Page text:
HAVING children often means putting your career on hold – but that’s exactly what prompted mum-of-two Tracy Anne White to launch her own online flower shop and now business is booming.
The 35-year-old Londoner quit a lucrative career shortly after giving birth to her second daughter Lara to launch Blend & Bloom, a flower subscription service, in 2016.
Tracy-Anne, who worked as the personal assistant to the deputy Vice-Chancellor of the SOAS University of London, told the Sun Online: ”I did go back to work after having my girls Amelia and Lara, but I felt like I was missing out on big events in their lives. It was tough.”
“My husband once brought me a bouquet of flowers for no reason and I thought of the difference a few blossoms can make to someone’s day.
“That’s when I first started looking into making a career out of it.
“I realised I’ve been sitting at a desk for eight years and I wanted more flexibility to spend time with my daughters, so I eventually took the plunge and quit my job.”
Starting and operating a profitable floral shop isn’t easy.
The mum-of-two, who had no previous experience with floral design, started by doing an intensive five day flower arrangement course, which cost £1,300 and was a gift from her dad. This was followed by a year of apprenticeship at Chez Michele, a flower shop in Borough Market in central London.
She said: “There’s more to setting up a floristry business than throwing together a bunch of lovely blossoms and foliage.
“I wanted to learn about the technical side of it – how to handle the customers, what are the costs involved or which suppliers to use.”
Tracy-Anne launched her company with a small budget of £1,300 that she used to set up a website and started buying blooms from wholesalers.
She then started selling flowers at Oval and Alexandra Palace’s farmers market in 2016 – and since then she hasn’t added a penny more of her own money.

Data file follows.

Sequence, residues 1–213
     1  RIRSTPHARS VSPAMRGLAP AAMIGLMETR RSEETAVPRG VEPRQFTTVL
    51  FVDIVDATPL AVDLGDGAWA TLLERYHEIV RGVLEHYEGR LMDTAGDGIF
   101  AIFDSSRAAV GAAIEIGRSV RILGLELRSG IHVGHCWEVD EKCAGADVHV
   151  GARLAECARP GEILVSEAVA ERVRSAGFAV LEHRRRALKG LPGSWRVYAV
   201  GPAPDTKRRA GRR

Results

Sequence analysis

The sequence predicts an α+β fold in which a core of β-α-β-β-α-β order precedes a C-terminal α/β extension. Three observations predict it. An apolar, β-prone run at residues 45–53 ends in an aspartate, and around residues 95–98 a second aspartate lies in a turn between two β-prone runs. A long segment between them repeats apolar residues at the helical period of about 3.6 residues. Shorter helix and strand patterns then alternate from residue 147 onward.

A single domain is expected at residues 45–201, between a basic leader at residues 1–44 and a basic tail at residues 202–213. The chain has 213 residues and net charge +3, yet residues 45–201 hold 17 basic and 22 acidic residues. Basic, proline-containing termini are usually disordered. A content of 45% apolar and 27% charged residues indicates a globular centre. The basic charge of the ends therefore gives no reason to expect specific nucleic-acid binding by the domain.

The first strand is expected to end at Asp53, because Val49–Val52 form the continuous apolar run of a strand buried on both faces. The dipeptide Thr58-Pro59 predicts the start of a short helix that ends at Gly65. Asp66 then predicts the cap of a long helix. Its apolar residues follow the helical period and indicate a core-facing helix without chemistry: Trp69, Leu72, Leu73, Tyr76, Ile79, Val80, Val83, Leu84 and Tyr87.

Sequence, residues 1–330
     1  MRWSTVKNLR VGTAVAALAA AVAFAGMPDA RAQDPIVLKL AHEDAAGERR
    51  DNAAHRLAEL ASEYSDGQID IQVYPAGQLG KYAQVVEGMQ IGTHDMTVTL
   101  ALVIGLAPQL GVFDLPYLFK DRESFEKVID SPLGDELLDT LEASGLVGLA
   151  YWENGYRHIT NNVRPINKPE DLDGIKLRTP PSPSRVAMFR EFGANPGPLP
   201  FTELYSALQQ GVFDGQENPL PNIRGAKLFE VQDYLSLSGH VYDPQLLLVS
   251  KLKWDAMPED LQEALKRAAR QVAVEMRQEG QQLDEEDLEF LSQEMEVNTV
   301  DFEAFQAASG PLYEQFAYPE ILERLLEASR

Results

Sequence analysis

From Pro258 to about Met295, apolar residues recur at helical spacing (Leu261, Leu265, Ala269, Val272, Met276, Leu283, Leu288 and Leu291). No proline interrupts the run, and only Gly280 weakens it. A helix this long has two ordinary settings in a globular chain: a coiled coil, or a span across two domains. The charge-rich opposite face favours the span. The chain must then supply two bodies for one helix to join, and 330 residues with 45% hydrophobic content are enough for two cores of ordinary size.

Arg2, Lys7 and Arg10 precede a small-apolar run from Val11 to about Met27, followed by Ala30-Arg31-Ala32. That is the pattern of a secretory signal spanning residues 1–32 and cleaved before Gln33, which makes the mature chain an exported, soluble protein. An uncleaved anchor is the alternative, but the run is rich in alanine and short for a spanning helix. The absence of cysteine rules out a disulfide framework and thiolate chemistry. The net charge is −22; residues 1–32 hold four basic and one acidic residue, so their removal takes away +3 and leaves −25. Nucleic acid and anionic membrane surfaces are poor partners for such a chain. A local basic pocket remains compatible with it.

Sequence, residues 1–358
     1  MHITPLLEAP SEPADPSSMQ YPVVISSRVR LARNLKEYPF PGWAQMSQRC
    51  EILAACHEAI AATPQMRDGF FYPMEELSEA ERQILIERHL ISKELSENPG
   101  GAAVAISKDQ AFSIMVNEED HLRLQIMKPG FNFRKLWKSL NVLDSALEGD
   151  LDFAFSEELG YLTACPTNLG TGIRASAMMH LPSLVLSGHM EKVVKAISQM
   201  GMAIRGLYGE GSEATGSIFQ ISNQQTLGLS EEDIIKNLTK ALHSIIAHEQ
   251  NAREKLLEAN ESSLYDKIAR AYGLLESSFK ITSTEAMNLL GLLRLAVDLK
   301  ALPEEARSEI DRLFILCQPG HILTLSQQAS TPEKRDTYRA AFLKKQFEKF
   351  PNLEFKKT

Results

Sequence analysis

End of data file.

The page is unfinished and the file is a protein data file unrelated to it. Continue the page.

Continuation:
Blend & Bloom provided flowers for 25 weddings in 2018 and the firm is now projected to hit an annual turnover of £55,000 by the end of this financial year.
Tracy’s tips to set up a successful business
- Believe in yourself: It’s never too late to change. You just need the drive. It’s hard work – you’ve got to really want to do it.
- Do your market research: You need to decide what sort of florist you are going to be, what you’re going to sell, and who you’re going to sell to. You also need to understand and have a clear idea of what makes you different from your competition.
- Be patient: Raising capital is the hardest part about having your own business. Make sure you have a financial plan and learn to be patient.
- Promote your business through social media: Most of our clients come to us after seeing a post on Instagram. Make sure you post regularly and talk back to your customers. Reply to their requests and look at how they react to your post.
She said: “The build-up to a wedding can be quite overwhelming but seeing the joy that flowers can bring to people – make up for it. It’s one of the things I love the most about my job”
The online business is still in its early days. Tracy-Anne makes all her flower arrangements at home and hires freelancer whenever she gets a big order – but she no longer needs a full-time job to make ends meet.
So what has made Blend & Bloom a success? According to Tracy, it’s using social media to promote her business.
She said: “There’s no point producing beautiful flowers if nobody knows about it. We now have more than 4,000 followers on Instagram and that’s where a lot of our new clients come from.
“I try to post regularly and reply to questions and requests each time a potential clients gets in touch.”
The business is set up to entice repeat customers but you can choose to pay weekly, monthly or make a one-time purchase at £35 per bouquet with no additional delivery costs.
The mum-of-two said: “I design and dispatch two different hand tied arrangements weekly to ensure my clients never get the same blooms two weeks in a row.”
Tracy-Anne says the hardest thing about starting a business is finding the cash – and getting investors to believe in you.
She said: “The most difficult part of having my own business is raising capital. I want to do things quickly but you have to learn to be patient and make sure there’s a balance between what you spend and what you earn.”
“But my girls are my biggest reward and it’s what keeps me going. My daughters love my flowers and they don’t even remember the time when I wasn’t around. I can now make sure I can drop them off and pick them up from school each day and that’s priceless.”
Earlier this year, The Sun Online also spoke to a dad-of-two who quit banking job to set up children’s hairdressers and it makes £650,000 a year.
We also revealed how a mum-of-two’s quest to spend more time with her kids is now a £130,000 a year business.